Event ticket provider Ticketfly found its website down for days last month after a hacker hijacked the site. The hacker initially informed Ticketfly about a security vulnerability, demanding a ransom payment in bitcoin to provide details about the flaw and help fix it. When Ticketfly refused to pay, the hacker defaced the site and leaked over 26 million usersâ€™ email and home addresses. Password and credit card data was not released, but the hacker has threatened to reveal more information if the ransom is not paid.
This type of attack can be devastating to your business operations as well as your reputation. Here are four fundamental steps you need to take in order to protect your site from becoming the victim of a cyberattack.
Enforce Strong Password Policies
The most common way hackers breach websites is by hacking user passwords, according to Google. To prevent this, itâ€™s vital to use strong, hard-to-guess passwords, with a minimum length of eight characters (12 or 16 is even better) and a mix of letters, numbers, and other characters. To enforce this, security professionals recommend digitally forcing users to choose strong passwords and then storing the passwords in encrypted form, so that if passwords are stolen it will be difficult for a hacker to use them. You can automatically generate strong passwords by using a password manager program.
Additionally, your website team should avoid using the same passwords on other accounts, which prevents a hack of one account from leading to other accounts being compromised. Using two-factor authentication can further strengthen your password security.
Use Secure Software
Another way hackers gain access to sites is through insecure software. One vulnerability is outdated software, which may contain known security holes that hackers can exploit. All web server software, content management system software, plug-ins, and add-ons should be continually kept current with the latest versions. Themes and plug-ins that are not being maintained by their developers may also contain security flaws and should be avoided. On the other hand, installing a good security plug-in from a reliable provider can help you automatically detect security vulnerabilities in other software on your site.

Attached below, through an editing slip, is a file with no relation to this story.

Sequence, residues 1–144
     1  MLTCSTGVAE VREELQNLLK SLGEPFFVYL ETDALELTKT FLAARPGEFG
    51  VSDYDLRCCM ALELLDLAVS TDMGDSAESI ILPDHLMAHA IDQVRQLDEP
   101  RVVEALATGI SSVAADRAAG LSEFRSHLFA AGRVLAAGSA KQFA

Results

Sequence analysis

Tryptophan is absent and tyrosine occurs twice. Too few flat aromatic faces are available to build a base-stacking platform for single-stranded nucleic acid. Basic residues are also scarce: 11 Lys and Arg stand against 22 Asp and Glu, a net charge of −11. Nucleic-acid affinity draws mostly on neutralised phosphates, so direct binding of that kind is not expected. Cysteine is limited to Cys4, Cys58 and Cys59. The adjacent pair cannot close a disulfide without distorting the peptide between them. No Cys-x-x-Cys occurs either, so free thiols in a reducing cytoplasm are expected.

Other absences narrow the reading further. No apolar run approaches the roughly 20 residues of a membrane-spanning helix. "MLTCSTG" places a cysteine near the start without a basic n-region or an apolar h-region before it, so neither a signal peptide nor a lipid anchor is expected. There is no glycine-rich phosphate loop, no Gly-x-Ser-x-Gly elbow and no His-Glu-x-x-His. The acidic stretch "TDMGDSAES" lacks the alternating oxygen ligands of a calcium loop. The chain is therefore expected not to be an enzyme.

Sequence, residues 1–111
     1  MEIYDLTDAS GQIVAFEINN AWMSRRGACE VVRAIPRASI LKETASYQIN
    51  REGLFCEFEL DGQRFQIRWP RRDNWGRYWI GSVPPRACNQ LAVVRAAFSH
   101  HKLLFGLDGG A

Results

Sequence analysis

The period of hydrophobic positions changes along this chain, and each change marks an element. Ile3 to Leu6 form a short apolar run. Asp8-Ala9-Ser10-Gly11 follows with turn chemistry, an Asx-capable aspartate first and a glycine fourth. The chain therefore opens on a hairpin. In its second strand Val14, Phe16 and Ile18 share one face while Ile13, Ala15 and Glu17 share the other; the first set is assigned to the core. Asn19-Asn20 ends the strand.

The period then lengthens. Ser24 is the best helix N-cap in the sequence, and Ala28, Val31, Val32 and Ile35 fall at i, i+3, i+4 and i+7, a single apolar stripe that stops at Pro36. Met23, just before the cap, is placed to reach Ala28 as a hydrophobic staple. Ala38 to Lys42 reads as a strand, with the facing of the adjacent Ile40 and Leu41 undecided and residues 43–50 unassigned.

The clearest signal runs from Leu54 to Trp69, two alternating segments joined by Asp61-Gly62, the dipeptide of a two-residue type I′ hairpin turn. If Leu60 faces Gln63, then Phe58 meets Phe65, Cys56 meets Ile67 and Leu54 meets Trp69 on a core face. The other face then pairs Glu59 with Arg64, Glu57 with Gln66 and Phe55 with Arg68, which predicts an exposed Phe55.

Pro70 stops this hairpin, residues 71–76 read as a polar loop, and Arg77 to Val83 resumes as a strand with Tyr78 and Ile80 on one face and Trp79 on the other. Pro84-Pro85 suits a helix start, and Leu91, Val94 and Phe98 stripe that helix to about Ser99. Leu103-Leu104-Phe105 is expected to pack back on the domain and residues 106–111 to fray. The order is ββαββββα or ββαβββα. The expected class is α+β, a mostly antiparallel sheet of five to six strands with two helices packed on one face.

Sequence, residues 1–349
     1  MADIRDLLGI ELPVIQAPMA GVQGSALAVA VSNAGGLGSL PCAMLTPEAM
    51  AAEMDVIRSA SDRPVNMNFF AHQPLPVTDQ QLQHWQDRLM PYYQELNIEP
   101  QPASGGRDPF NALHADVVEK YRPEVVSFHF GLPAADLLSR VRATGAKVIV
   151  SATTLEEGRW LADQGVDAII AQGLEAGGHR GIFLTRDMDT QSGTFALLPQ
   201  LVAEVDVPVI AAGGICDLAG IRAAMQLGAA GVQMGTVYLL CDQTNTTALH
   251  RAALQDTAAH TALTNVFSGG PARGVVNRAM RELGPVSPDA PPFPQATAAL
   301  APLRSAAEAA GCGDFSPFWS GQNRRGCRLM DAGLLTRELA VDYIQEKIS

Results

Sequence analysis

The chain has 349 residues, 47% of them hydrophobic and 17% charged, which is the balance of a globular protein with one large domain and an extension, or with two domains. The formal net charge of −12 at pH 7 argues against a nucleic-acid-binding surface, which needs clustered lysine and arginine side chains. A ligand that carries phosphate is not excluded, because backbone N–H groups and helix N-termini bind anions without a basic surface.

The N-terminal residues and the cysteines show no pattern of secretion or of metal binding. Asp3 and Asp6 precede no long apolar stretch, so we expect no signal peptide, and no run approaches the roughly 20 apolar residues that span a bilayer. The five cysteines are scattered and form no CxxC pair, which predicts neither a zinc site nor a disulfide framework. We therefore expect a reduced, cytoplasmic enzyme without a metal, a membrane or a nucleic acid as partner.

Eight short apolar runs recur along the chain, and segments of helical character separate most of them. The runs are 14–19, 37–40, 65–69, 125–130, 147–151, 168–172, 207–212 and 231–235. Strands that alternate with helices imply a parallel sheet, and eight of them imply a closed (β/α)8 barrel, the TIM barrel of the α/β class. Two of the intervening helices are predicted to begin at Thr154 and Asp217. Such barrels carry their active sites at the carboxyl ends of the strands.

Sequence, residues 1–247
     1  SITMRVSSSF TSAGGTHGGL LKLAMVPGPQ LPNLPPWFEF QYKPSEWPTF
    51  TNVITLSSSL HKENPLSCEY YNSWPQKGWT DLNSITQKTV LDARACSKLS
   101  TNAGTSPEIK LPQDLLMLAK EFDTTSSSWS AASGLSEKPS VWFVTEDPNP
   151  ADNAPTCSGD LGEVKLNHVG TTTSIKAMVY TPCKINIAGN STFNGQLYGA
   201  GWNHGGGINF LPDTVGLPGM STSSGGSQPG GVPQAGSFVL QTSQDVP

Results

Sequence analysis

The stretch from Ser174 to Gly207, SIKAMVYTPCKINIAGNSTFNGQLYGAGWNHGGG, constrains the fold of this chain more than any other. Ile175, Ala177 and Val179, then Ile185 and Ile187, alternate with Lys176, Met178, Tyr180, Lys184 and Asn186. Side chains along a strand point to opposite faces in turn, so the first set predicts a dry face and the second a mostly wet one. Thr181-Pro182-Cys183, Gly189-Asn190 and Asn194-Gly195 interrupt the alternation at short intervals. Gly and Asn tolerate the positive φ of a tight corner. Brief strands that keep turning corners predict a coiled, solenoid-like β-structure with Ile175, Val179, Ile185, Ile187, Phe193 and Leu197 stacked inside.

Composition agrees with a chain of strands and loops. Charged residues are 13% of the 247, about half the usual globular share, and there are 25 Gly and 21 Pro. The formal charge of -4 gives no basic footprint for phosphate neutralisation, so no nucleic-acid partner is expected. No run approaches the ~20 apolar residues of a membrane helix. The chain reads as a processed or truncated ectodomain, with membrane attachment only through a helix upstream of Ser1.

Allowing users to upload files to your site can also introduce malware. Ideally, prohibiting all uploads provides maximum security. At a minimum, restrict which types of files can be uploaded, and donâ€™t allow users to directly access or execute files they have uploaded. Some malware files attempt to spoof valid file types by including their extensions within their file name (for example, img.jpg.php can be used to smuggle a php file onto a site), so automatically renaming files upon upload to force the file name to end with a valid extension is recommended.
Protect Data through Encryption and Minimization
Failing to employ encryption can also expose your site to the risk of security breach. Hackers can exploit unencrypted sites through a number of methods, such as spoofing your site URL and intercepting passwords or payment information that visitors send to the spoofed site. Using HTTPS with an SSL certificate can protect you and your site visitors against this type of attack.
While HTTPS can protect payment information sent over your site, there is no real need for you to collect payment data in the first place. Your best defense is not to collect payment data through your site at all, but instead to send your site visitors to a secure third-party processing service for payment transactions, removing any possible risk of the information being stolen from your site. Security professionals call this strategy data minimization, an approach summed up by the saying, if you canâ€™t protect it, donâ€™t collect it, says Richard Bejtlich of the Center for 21st Century Security and Intelligence.
Have a Recovery Plan
Following sound security strategies can help reduce the risk of your site being hacked, but there is no guarantee a clever cyberthief will not find a way around your defenses. Even among the most-visited sites on the internet, one percent are hacked each year, a University of California San Diego study found. This makes it essential to have a recovery plan in case your site is hacked.
Subscribing yourself and your staff to an identity theft protection service can give you an early warning if stolen user information starts turning up on the dark web, enabling you to respond more quickly to a data breach. If you are breached, you might also consider offering such protective services to your customers to help you mend customer relations. Additionally, you should back up your data regularly in order to protect yourself from ransomware attacks and other disasters. For instance, you can schedule automated backups to an external hard drive, with additional backups to a cloud storage service so that you have an extra copy of sensitive data in case of a hardware malfunction or other mishap.
Sound password policies, secure up-to-date software, data encryption and minimization are some basic strategies for preventing hackers from infiltrating your site. A recovery plan that includes identity theft monitoring and data backup can help restore your site and your business in the event that you are hacked. Following these procedures will reduce your siteâ€™s risk of being compromised by hackers, protecting your customers and the reputation of your business.